The War Over Free Speech, Harassment, and Trolls Hits Another Social-Media Site

Tech companies have long struggled with whether to ban alleged harassers. Next up: Storify.

Mjak/Shutterstock<a href="">Mjak</a>/Shutterstock

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A notorious internet troll—known for allegedly harassing feminists on Twitter and uploading YouTube clips edited to depict women saying degrading things—has forced a major social-media site to choose between free speech and punishing an alleged harasser. This latest controversy has heightened the online debate about whether tech giants are doing enough to protect victims of harassment.

Earlier this month, at least five women contacted Xavier Damman, the CEO of Storify, to complain that a user who goes by the handle “elevatorgate” was harassing female users via Damman’s popular social-media curation site. Storify allows users to compile public content from a wide spectrum of social-media networks, including Twitter, Facebook, and Flickr. The women told Damman that elevatorgate—who identifies himself as a “human rights activist” in his Storify bio—was republishing dozens, sometimes hundreds, of their tweets, triggering notification emails that flooded their inboxes.

Although elevatorgate’s use of Storify was limited to triggering a deluge of email alerts, the women who complained about him say he has a history of sending abusive and misogynistic messages on other social networks. Elevatorgate’s Twitter account is suspended, but his YouTube page includes a video of Rebecca Watson, a 32-year-old New Yorker who runs Skepchick, a site about feminism and atheism, edited to make it sound like she’s saying she “had sex with Richard Dawkins,” the famous evolutionary biologist and author. Another video on elevatorgate’s YouTube page has been edited to make it appear that a female writer says, “heck yeah, I want to hook up” and “would you like to come up to my room now and have sex?”

Storify’s terms of service specify that users can’t “publish, submit or transmit any content” that promotes “harassment.” But when several of the women raised the point that this behavior might constitute harassment, Damman tweeted back with a link that cited Voltaire’s vow to defend freedom of speech to the death. “[I] can’t do anything about [elevatorgate],” Damman said, other than “momentarily block” elevatorgate’s ability to send email notifications. Later, as the controversy heated up, Storify did turn off elevatorgate’s ability to send notifications. It also created a mechanism for users to flag inappropriate content. But elevatorgate’s Storify account still stands.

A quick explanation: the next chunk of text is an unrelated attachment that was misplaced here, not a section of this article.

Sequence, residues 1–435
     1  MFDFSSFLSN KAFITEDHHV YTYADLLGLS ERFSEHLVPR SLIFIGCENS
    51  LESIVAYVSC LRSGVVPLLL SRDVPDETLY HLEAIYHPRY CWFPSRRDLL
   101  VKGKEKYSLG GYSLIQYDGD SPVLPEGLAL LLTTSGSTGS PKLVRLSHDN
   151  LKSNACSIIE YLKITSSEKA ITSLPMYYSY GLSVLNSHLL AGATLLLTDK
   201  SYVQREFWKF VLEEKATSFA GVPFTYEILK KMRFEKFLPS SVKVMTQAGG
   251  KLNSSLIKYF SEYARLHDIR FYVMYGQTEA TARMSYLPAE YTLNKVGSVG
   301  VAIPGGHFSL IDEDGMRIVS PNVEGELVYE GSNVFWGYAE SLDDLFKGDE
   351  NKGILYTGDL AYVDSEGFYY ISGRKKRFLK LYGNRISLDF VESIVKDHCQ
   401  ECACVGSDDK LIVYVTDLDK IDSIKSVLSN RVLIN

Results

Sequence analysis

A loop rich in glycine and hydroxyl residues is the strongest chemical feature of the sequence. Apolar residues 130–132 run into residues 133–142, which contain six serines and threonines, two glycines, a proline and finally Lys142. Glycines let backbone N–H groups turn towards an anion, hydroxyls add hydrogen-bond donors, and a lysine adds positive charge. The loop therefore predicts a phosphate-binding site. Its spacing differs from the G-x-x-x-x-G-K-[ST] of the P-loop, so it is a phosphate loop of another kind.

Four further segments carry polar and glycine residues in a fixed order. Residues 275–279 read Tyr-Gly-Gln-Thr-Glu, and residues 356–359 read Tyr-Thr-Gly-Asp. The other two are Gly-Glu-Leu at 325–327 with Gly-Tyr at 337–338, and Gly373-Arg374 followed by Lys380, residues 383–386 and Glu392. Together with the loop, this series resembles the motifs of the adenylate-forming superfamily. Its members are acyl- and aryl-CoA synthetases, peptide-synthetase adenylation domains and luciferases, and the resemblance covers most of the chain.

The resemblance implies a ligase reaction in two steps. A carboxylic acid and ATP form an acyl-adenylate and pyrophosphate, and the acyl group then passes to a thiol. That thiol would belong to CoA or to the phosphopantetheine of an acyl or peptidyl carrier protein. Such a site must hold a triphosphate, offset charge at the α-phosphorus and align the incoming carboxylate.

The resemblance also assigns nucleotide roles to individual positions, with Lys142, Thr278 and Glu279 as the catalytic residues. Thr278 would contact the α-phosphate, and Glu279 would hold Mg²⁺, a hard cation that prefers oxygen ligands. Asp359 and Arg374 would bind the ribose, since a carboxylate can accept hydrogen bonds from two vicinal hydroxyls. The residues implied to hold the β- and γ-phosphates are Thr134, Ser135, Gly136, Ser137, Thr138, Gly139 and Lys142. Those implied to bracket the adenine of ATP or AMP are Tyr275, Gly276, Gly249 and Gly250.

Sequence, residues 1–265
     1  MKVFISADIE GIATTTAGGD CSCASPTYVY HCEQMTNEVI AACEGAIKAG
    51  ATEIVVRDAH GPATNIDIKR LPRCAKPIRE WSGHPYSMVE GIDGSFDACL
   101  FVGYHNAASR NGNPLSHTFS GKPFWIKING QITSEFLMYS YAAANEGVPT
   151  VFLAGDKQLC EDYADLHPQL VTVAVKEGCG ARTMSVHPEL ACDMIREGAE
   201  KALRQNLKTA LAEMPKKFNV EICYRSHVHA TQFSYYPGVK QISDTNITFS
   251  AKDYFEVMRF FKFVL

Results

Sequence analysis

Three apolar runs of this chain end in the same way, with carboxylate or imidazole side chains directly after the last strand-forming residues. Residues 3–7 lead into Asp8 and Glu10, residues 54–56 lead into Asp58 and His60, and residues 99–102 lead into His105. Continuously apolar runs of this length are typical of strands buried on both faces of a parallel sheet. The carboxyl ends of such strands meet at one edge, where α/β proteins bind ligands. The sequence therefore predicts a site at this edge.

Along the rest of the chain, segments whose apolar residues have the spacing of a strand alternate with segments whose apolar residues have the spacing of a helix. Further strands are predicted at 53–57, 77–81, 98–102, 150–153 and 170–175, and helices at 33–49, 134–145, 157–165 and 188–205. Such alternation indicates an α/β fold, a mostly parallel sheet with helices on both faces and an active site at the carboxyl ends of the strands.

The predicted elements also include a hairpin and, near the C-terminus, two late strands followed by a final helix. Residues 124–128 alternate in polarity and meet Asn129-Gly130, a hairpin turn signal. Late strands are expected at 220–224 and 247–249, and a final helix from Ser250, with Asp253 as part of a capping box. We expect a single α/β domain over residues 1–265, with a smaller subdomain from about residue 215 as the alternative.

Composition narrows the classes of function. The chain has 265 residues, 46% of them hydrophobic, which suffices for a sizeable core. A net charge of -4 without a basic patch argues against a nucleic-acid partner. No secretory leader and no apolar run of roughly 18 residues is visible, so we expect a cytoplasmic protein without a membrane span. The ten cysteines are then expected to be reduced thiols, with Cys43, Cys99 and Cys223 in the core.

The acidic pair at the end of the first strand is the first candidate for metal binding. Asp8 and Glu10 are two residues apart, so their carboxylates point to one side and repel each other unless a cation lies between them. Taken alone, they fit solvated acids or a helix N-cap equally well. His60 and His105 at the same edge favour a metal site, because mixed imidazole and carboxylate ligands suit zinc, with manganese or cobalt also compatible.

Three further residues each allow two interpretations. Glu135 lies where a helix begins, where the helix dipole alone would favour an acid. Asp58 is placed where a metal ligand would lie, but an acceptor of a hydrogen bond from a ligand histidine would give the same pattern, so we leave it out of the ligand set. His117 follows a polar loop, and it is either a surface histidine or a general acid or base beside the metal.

Damman says he still believes elevatorgate’s right to compile content is a free speech issue, and adds that Storify’s rules about harassment were written to cover people who are “writing original content that is upsetting people and mentioning those people by name.” That means that simply collecting tweets—not adding original commentary—doesn’t necessarily qualify as harassment, as far as Storify is concerned.

Storify isn’t the only tech company to cite the principle of free speech to defend its refusal to remove allegedly harassing content. But companies aren’t obliged to honor the First Amendment the same way the government is—they have the legal right to kick out or ban anyone they don’t want using their service.

“The idea that a social-media network should be entirely neutral is a myth,” says Jaclyn Friedman, the executive director for Women, Action and the Media, a nonprofit that advocates for gender equality in the media. “Neutral platforms are only neutral for straight white dudes. These companies need to make a decision: Do I want to be making a money off of a platform where abusers and harassers feel more comfortable than the abused and harassed?”

Online harassment can have serious consequences. The International Journal of Cyber Criminology says aggressive online conduct can trigger PTSD and, in worst case scenarios, lead to violence and suicide—although not all harassment rises to that level. The federal Violence Against Women Act outlaws cyberbullying but leaves a lot of room for uncertainty; when harassment occurs, it can be difficult to get sites to remove the offending content in a timely manner, if at all. Unsurprisingly, it’s women, minorities, transgender people, and other marginalized groups who bear the brunt of the abuse.